Eating a diet rich in a variety of healthy foods is the best way to get the nutrients your body needs. If, however, your diet is lacking, a dietary supplement can be used to add nutrients, or to lower your risk of certain health problems like arthritis and osteoporosis. If you're wondering if you need a dietary supplement, talk to your doctor or dietician first.

What's the difference between a vitamin and a supplement?

Dietary supplements are taken to complement a healthy diet. They are not medicine or vitamins and are not a substitute for any food. They often contain a combination of minerals, nutrients, concentrates, or vitamins.

Supplements can include herbal remedies like Echinacea or St. John's Wort. Many supplements combine herbs with vitamins or minerals, and because of this, supplements can have more of a health risk.

"Vitamins alone don't usually interact with pharmaceutical medications, but supplements definitely can."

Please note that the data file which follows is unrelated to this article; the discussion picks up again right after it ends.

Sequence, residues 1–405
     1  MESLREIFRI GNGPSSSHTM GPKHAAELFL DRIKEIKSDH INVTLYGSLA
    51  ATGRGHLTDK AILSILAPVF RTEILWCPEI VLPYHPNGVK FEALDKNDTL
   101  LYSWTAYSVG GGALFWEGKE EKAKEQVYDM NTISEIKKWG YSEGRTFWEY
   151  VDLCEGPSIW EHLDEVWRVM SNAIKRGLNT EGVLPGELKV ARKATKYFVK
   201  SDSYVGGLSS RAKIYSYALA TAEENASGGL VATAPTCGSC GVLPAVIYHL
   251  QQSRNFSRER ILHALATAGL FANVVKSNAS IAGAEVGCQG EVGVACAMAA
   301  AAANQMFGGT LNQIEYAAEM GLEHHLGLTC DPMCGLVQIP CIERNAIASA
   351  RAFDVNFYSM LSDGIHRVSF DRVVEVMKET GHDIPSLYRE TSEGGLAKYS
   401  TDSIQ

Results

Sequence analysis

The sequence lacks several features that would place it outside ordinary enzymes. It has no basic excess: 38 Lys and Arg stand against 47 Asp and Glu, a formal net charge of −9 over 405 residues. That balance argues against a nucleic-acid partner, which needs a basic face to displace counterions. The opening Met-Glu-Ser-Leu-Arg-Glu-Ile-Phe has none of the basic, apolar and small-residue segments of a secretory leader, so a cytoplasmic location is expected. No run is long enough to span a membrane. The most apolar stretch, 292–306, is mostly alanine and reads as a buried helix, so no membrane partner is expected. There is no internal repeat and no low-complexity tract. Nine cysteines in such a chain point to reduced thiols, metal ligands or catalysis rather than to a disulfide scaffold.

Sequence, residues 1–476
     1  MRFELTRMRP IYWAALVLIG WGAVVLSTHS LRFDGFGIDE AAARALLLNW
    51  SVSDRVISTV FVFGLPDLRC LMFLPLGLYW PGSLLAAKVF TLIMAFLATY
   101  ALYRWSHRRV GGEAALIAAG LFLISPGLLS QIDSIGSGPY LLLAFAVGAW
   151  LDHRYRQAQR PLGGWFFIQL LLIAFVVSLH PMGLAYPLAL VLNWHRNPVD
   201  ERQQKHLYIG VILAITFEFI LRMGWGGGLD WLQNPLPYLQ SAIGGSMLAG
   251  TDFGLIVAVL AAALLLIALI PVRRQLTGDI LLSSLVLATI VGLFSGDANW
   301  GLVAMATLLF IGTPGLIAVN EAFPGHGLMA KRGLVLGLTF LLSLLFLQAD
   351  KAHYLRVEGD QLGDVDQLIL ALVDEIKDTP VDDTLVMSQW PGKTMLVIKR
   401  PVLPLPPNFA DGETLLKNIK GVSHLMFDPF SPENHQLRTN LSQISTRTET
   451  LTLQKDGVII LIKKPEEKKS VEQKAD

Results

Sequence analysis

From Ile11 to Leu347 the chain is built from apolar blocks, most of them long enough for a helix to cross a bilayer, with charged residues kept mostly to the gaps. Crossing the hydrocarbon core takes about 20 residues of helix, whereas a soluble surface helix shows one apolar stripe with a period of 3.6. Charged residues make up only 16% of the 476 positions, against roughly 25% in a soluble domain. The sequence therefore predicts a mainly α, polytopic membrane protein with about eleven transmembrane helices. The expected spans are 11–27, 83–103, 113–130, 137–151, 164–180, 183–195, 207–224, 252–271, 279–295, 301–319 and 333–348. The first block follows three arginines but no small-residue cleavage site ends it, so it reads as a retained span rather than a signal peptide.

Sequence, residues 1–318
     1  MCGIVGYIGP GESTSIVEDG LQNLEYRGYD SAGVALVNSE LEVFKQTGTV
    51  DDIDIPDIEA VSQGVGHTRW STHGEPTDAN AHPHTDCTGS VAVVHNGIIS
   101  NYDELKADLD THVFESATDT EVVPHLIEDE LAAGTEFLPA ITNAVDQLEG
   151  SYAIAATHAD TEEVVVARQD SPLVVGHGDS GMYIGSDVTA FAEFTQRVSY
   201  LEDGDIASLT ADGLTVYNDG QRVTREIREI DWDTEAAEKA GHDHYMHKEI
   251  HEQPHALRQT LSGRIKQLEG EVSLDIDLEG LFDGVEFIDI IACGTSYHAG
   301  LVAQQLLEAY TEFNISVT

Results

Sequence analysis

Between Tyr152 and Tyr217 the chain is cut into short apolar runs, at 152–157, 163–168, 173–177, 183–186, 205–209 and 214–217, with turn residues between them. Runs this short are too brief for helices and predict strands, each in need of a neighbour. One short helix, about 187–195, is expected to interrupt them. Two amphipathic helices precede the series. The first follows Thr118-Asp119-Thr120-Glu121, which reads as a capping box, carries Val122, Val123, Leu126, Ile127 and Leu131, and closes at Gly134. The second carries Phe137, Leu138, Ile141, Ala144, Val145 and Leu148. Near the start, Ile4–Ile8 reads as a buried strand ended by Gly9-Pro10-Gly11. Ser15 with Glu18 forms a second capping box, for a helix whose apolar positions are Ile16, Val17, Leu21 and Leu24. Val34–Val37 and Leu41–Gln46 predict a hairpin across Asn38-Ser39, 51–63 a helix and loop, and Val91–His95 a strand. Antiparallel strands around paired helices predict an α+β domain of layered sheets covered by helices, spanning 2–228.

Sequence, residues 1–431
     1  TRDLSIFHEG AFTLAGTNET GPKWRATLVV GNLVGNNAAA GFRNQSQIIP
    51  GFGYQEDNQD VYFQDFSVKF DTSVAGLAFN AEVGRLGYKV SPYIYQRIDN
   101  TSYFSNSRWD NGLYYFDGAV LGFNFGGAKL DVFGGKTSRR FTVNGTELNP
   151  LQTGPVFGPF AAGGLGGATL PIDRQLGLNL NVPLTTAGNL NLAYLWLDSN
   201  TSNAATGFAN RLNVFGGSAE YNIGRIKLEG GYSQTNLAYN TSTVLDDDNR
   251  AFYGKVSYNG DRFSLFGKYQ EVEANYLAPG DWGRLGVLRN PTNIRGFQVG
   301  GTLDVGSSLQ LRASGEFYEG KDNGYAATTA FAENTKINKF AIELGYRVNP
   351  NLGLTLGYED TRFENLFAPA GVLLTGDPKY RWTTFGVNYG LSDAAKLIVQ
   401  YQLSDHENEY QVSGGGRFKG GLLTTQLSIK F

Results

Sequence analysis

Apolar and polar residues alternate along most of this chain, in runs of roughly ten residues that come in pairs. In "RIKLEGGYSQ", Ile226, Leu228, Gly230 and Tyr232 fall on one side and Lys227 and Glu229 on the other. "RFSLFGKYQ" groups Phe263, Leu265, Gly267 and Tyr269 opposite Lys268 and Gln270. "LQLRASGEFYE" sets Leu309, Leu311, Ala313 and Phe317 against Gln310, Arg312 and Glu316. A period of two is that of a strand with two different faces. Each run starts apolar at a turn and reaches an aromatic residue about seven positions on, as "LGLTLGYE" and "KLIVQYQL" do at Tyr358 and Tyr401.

Different types of supplements

Dietary supplements often include vitamins, minerals, botanicals, enzymes, herbs, and amino acids. Supplements can be used for a variety of reasons, ranging from digestive issues to acid reflux, to hair and nail growth.

Supplements come in many different forms, such as capsules, powders, and topical oils. To determine the best type of supplement for your health, speak to your doctor, and discuss your diet and health needs.

Finding the right supplements for you

As with vitamins, determining what supplements you should take requires talking to your doctor.

"There is no FDA backing when it comes to supplements. There is no governing body checking them to make sure they're safe and that they have the levels of ingredients they claim to have."